Here are their answers to my questions:

  1. Who are the beneficial owners of Sipson Property Limited? See below.
  2. Will offshore companies be required to reveal their beneficial owners in future property sales by the Mayor of London’s Office? Response to 1 and 2.  As the ownership of companies can change, the Government’s proposals for a public register of the beneficial ownership of overseas companies that own UK property is the appropriate mechanism for improved transparency.  This will be more effective than reporting the position at a single point in time such as at the point of sale.  The Mayor has expressed previously his desire to Government to speed up its implementation of the register.
  3. Any other comments about this sale? The disposal of this site followed the standard approach to openly invite bids and accept the highest compliant bid in order to meet best value duties.  MOPAC and its advisors followed the appropriate legal requirements for property transactions (e.g. money laundering checks) as part of this sale. There is a legal requirement for solicitors, property advisors and other professionals to report any suspicious transactions or entities to the appropriate authorities. Standard MOPAC terms for forward sale clawback and overage are included in the sale contract.

I’m not convinced by this. Transparency International and others have produced compelling evidence that standard money laundering checks are inadequate. And given that it’s going to take till 2021 to get a register, shouldn’t councils be asked to report the beneficial owners of their buyers in the meantime?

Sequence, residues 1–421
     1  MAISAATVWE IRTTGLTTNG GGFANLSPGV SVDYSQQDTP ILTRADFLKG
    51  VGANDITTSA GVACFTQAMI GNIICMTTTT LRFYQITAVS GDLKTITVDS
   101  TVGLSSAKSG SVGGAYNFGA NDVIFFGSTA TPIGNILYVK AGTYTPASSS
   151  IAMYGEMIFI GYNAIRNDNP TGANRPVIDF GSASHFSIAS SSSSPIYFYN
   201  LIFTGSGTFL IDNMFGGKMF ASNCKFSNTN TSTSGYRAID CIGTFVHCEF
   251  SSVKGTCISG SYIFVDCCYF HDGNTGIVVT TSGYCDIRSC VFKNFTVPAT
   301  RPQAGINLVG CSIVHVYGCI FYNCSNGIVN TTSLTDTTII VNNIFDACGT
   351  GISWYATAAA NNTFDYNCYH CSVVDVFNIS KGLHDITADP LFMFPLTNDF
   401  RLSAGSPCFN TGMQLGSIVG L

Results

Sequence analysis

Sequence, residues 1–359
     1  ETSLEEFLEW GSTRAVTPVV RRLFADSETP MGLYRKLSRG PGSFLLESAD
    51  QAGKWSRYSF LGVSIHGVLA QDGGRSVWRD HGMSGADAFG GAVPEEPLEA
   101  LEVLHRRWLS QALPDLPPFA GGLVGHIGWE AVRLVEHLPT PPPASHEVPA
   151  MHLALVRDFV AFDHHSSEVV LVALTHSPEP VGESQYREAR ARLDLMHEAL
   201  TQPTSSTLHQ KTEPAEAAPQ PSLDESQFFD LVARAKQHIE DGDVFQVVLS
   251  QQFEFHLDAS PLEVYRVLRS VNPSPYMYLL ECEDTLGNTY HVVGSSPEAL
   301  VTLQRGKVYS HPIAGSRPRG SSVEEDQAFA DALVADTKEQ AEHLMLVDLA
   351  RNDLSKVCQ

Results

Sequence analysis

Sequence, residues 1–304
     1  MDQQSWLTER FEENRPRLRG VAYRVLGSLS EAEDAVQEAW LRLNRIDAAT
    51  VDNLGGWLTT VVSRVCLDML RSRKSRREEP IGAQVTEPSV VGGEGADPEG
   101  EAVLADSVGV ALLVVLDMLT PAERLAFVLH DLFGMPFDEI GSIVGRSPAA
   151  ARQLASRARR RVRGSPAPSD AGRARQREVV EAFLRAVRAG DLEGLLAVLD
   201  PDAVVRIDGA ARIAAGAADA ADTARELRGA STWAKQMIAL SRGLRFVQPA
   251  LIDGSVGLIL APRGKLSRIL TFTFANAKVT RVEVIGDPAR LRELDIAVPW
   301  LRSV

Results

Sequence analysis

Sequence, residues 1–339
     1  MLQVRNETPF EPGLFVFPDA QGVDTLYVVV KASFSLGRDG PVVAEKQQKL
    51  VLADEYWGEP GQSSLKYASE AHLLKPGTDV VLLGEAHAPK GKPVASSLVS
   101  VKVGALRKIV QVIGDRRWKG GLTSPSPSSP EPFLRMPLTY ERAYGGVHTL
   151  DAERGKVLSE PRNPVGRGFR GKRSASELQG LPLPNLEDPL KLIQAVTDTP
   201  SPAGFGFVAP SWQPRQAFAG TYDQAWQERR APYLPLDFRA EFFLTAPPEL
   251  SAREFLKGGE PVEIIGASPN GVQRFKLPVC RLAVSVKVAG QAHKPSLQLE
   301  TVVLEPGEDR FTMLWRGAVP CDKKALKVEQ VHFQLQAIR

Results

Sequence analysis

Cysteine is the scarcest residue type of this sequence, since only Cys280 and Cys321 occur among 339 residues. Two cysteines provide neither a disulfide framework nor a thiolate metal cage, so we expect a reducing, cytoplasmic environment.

Selling England by the £1 (part 1)

On 14 February 2018, Bracknell Forest Borough Council sold “Land lying to the south of High Street, Bracknell” (title BK334192) to Jersey-based Bracknell General Partner Limited for the princely sum of £1.

This land seems to be part of the regeneration of Bracknell town centre, which is being developed by a joint venture between Legal & General Capital and Schroder UK Real Estate Fund. In April 2016, the council confirmed that the joint venture owned its property via the Jersey-based company, which now owns another 18 titles around Bracknell.

The chunk of land near Bracknell High Street in title plan BK223192. Yours for a pound.

It’s obviously surprising that the sale was for £1, but I’m told by people in the property industry that this isn’t unusual – e.g. sometimes the land is contaminated and the company has to clean it up, or there’s a wider contract attached. Still, £1 does seem, I don’t know, kind of cheap? Even Poundland now charges more. 

I asked the council why the sale was priced at £1, and if they knew who the beneficial owners were. They replied! Sort of. Cllr Marc Brunel-Walker, executive member for economic development and regeneration, said:

The Bracknell Regeneration Partnership is a joint venture owned by Legal & General Capital (LGC) and Schroder UK Real Estate Fund (SREF). The sale of this land was part of a wider agreement that enabled the hugely successful regeneration of the failing 1960s town centre to take place, transforming it into The Lexicon which is now ranked among the best shopping destinations in the UK.

Selling England by the £1 (part 2)

Meanwhile, on 12 July 2017, the Homes & Communities Agency sold “land at Randall Way, Retford” (title NT330723) to Guernsey-based Iraf Spyder 1 Limited for £1 plus VAT.

This is a plot of land at the northern edge of Retford. Iraf Spyder companies own 41 titles around the country. We don’t know who owns Iraf Spyder, because the trail goes cold at Guernsey – that’s how secrecy jurisdictions work, obviously. And the HCA hasn’t replied to my query.

On the bright side, though, “Iraf Spyder 1 Limited” is an awesomely sinister company name. 

The Essex council leader who’s “biting the hand off” offshore investors